We accept all patients for dental emergency and strive to take the utmost care of them. We are able to take emergency cases as soon as SAME DAY or NEXT DAY. Walk-ins are available.
For any emergency please call us at +1 (617) 991-7717 to book an emergency appointment as soon as possible. If this is a life-threatening emergency and for whatever reason you cannot reach us, please DIAL 911.
Our dental offices welcome walk-ins and proudly provides emergency dental care. Our emergency dentists are available on most days to perform tasks such as emergency dental removal and emergency root canal. We accept all patients for dental emergency and strive to take the utmost care of them. We are able to take emergency cases as soon as SAME DAY or NEXT DAY. Walk-ins are available.
Dental Emergencies include but are not limited to:
Severe toothache and/or tooth infection
Wisdom teeth pain
Trauma or injuries
Fallen crown or veneer
Book Your Emergency Appointment
(Chipped teeth, tooth extractions and root canal-treatments can be instantly treated.)
At American Dental, our professionals believe that dental emergencies should be treated as soon as possible to relieve our patients’ pain. We understand that booking an appointment with a dentist or oral surgeon can be tough due to the limited availabilities they may have.
At American Dental we pride ourselves on the fact that we have many professional dentists hired to open up availabilities to our patients so that they can be taken care of instantly.
Please check our Dentist Reviews and patient dental experience with us on Google.
Most Common Emergency cases… (From WebMed Website)
1-Repairing a Chipped or Broken Tooth
You're crunching ice or a piece of hard candy when you notice something hard in your mouth that doesn't melt or dissolve. You get a sick feeling as you realize what it is -- a piece of Broken Tooth.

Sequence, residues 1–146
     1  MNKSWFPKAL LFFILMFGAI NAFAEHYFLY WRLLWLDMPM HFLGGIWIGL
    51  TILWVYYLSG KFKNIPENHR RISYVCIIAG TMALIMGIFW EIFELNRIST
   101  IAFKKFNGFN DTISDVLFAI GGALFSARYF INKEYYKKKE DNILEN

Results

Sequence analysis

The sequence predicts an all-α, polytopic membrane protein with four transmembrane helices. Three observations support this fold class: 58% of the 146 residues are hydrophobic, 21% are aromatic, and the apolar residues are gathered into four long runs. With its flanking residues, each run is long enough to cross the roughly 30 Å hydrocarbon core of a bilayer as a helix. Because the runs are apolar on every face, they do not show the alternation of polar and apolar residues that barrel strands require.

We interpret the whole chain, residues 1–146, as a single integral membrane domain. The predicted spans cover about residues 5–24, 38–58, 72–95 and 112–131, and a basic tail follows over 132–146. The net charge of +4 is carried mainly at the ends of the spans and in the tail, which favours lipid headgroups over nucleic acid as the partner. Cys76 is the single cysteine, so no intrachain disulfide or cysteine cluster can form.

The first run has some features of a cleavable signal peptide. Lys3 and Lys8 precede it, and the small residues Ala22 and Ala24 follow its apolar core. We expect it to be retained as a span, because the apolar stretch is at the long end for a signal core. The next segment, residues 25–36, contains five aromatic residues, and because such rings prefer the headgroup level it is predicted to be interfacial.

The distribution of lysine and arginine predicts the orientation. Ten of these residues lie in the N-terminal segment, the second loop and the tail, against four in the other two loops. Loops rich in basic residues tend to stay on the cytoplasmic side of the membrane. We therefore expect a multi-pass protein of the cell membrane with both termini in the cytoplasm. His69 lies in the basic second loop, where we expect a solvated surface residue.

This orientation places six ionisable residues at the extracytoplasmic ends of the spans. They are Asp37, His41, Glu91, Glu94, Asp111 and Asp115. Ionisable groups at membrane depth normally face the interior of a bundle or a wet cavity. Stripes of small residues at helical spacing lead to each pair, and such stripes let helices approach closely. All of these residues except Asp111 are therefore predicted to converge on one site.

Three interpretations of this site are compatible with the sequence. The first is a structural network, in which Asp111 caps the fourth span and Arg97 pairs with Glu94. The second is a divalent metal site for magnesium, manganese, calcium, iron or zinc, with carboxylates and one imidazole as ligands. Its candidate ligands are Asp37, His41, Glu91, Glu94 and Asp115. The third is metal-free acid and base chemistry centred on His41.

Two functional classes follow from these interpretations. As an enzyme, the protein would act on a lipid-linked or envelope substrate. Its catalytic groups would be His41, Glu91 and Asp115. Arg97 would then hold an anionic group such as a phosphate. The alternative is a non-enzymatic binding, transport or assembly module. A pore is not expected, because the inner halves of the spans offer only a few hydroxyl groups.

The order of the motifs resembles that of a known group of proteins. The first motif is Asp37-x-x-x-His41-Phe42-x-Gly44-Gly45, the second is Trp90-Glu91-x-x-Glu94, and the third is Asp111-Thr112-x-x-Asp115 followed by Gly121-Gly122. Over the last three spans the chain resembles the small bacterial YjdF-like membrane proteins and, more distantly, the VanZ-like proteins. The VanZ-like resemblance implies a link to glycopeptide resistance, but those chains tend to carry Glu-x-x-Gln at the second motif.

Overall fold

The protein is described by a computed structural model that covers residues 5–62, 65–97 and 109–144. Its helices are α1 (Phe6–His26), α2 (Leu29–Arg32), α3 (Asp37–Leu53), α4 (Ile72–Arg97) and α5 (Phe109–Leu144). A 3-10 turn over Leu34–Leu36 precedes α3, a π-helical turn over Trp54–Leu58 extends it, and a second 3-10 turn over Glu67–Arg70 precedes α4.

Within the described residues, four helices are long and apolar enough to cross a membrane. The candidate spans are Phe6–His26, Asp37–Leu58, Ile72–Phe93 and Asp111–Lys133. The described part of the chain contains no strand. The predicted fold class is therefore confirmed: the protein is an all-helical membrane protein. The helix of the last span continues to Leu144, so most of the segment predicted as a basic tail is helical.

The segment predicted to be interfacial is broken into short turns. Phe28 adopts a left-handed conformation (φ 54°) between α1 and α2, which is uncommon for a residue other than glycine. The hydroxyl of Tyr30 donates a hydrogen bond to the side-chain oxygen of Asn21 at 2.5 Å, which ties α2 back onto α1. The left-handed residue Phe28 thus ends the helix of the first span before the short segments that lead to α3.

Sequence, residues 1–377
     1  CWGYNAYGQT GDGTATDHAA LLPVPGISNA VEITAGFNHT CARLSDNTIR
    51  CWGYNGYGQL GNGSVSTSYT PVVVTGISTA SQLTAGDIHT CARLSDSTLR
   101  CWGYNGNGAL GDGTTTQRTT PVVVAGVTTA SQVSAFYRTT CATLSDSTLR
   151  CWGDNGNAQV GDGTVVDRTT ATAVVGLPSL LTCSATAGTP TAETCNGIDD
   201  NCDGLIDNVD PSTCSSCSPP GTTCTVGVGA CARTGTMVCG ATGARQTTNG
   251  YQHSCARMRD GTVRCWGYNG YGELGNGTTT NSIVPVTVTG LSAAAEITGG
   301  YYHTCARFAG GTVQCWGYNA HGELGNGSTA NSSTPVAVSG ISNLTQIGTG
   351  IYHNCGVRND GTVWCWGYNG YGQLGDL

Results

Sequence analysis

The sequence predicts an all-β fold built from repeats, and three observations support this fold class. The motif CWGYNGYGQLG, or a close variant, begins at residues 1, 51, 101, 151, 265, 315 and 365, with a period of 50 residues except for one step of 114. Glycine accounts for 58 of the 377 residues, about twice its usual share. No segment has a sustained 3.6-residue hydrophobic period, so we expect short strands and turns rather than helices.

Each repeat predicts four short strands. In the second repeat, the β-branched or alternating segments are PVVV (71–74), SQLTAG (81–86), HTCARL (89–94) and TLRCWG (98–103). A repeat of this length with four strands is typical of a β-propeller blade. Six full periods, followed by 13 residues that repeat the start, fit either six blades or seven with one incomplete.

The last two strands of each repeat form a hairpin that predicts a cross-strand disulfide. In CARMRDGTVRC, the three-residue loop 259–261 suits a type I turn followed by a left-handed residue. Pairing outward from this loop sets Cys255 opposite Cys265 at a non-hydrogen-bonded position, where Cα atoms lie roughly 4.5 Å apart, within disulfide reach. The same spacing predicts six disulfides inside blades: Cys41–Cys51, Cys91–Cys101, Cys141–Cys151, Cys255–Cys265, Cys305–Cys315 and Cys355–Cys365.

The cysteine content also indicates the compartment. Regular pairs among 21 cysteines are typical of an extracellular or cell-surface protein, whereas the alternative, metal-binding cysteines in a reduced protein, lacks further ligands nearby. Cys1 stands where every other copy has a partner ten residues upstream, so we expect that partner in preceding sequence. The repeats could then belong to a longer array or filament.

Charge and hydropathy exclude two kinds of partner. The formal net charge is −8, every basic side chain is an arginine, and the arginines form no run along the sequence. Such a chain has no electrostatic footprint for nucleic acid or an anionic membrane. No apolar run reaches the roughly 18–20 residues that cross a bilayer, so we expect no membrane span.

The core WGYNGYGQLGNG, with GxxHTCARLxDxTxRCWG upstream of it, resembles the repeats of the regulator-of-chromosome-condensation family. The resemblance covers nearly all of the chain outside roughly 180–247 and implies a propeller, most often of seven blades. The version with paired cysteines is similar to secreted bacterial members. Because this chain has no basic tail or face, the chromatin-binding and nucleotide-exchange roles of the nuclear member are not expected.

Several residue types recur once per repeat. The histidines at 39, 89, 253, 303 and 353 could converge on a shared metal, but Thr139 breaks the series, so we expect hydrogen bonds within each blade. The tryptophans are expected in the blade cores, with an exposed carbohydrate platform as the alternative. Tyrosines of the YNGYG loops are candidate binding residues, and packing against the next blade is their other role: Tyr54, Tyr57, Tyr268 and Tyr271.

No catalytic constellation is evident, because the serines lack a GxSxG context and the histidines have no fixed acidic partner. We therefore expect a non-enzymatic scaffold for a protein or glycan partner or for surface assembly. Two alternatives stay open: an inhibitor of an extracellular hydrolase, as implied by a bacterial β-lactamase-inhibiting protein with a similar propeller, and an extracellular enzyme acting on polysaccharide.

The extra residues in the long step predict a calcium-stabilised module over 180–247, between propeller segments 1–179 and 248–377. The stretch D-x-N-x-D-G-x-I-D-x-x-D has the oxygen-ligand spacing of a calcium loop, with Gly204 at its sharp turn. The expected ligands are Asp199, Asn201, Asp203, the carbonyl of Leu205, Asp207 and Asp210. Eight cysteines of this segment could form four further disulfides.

Although the enamel that covers your teeth is the hardest, most mineralized tissue in the body, its strength has limits. Falling, receiving a blow to the face, or biting down on something hard -- particularly if a tooth already has some decay -- can cause a tooth to chip or break. If you discover you have broken or chipped a tooth, don't panic. There are many things your dentist can do to fix it.
How To Care For A Chipped Or Broken Tooth
If your tooth is broken, chipped, or fractured, see your dentist as soon as possible. Otherwise, your tooth could be damaged further or become infected, possibly causing you to end up losing the tooth.
In the meantime, try the following self-care measures:
If the tooth is painful, take acetaminophen or another over-the-counter pain reliever. Rinse your mouth with salt water.
If the break has caused a sharp or jagged edge, cover it with a piece of wax paraffin or sugarless chewing gum to keep it from cutting your tongue or the inside of your lip or cheek.
During this time, you should be eating soft foods and avoid using the broken tooth.
Treatment for a broken or chipped tooth will depend on how severely it is damaged. If only a small piece of enamel broke off, the repair can usually be done simply in one office visit. A badly damaged or broken tooth may require a more lengthy and costly procedure. Here are some ways your dentist may repair your broken or chipped tooth.
Dental Filling or Bonding
If you have chipped off just a small piece of tooth enamel, your dentist may repair the damage with a filling. If the repair is to a front tooth or can be seen when you smile, your dentist will likely use a procedure called bonding, which uses a tooth-colored composite resin.
Bonding is a simple procedure that typically does not require numbing the tooth. To bond a tooth, the dentist first etches its surface with a liquid or gel to roughen it and make the bonding material adhere to it. Next, the dentist applies an adhesive material to the tooth followed by a tooth colored resin. After shaping the bonding material to look like a natural tooth, the dentist uses an ultraviolet light to harden the material.
Dental Cap or Crown
If a large piece of tooth breaks off or the tooth has a lot of decay, the dentist may grind or file away part of the remaining tooth and cover it with a crown, or tooth-shaped cap, made to protect the tooth and improve its appearance. Permanent crowns can be made from metal, porcelain fused to metal, all resin, or all ceramic. Different types have different benefits. All-metal crowns are the strongest. Porcelain and resin crowns can be made to look nearly identical to the original tooth.
If the entire top of the tooth is broken off but the root is still intact, the dentist or an endodontist (a dentist who specializes in root canals) may perform root canal therapy and place a pin or a post in the canal, and then build up enough of a structure onto which a crown can be made. Later, the dentist can cement the crown over the pin or post-retained restoration.